by James A. Bacon
University of Virginia officials vigorously dispute allegations by members of the General Assembly that the university was less than transparent with its $2.3 billion Strategic Investment Fund, a pot of gold that critics have characterized as a slush fund. Patrick D. Hogan, chief operating officer of the university, supplied records yesterday from a Board of Visitors subcommittee meeting showing that members had discussed using investment earnings to invest in projects approved as part of the long-term plan in 2014.
Said Hogan: “We have absolutely nothing to hide.”
Reports the Daily Progress:
The investment fund originated with more than $1 billion in investment returns that had accumulated between 2009 and 2014. Officials had talked about using this money to pay for some of the projects outlined in UVa’s strategic plan, passed in 2013. The Cornerstone Plan, as it’s called, lays out a broad series of goals, including improvements to UVa’s technological infrastructure and a wave of faculty hires.
The plan — initially priced at $564 million over five years — was not completely funded when it was passed, and there was concern that costs could be passed on in the form of tuition. The idea was to take some of the investment returns that had accumulated over the years and use them to pay for these improvements.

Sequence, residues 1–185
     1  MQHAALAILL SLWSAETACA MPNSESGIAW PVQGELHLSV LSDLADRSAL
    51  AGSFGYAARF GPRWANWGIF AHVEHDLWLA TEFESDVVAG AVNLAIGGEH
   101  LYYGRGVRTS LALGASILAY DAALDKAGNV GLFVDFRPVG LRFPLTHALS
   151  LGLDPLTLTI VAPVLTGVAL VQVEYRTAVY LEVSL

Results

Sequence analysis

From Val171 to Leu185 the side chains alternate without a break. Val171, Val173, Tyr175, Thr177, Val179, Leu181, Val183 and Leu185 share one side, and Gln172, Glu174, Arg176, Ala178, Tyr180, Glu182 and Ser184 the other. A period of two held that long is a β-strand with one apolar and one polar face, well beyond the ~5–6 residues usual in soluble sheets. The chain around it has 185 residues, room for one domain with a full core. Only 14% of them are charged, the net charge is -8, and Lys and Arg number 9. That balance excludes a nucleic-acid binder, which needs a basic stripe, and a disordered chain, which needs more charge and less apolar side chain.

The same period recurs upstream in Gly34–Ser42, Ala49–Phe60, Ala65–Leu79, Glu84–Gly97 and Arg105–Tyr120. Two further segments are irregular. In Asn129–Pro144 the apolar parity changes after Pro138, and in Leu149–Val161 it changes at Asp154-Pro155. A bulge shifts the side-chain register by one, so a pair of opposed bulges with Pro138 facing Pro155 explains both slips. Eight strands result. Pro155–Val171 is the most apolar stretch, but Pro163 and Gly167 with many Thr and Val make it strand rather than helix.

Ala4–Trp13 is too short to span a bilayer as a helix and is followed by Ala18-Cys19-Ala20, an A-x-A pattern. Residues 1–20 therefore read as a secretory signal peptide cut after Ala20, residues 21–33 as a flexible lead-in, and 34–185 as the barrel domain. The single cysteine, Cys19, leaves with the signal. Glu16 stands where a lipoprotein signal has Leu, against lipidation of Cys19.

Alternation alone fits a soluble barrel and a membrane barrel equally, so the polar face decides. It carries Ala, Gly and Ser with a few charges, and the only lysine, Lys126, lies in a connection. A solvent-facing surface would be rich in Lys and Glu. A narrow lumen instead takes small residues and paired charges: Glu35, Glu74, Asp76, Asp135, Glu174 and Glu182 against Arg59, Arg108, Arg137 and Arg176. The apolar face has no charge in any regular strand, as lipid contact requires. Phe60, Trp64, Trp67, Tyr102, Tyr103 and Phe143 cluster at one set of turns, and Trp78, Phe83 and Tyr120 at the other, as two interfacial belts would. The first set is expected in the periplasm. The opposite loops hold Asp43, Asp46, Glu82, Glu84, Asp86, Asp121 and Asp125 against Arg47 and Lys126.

The investment returns were combined with other reserves to create the fund, which could pay out up to $100 million annually, Hogan said.
“We recognized then that the Cornerstone Plan needed long-term support,” he said.
Hogan said the creation of a permanent fund will allow UVa to improve the student experience without passing the cost on to students. This fund will pay for the improvement projects UVa hopes to undertake — hiring new faculty and providing them with research startup money, for example — without straining operating funds.
Bacon’s bottom line: Changes to the fund apparently followed normal bureaucratic procedure, moving quietly through a Board of Trustees subcommittee before surfacing before the full board. I’m prepared to believe that UVa administrators thought they were being transparent. But there was a breakdown somewhere if some board members were caught by surprise and it’s taken this long for UVa to explain in a way that people can understand how the fund came to be. What Hogan did not address in the Daily Progress article was why the board felt compelled to discuss the issue in closed session. Such an action does prompt people to wonder, “What were they hiding?”
At the end of the day, the controversy is over how to use an investment windfall amounting to $100 million a year — whether to invest in initiatives to make UVa a more prestigious institution or to lower costs for Virginia students. Clearly, the administration and a majority of the board favor advancing the university’s institutional interests over its historic mission of providing an affordable, quality education for all Virginians. All the rest is window dressing.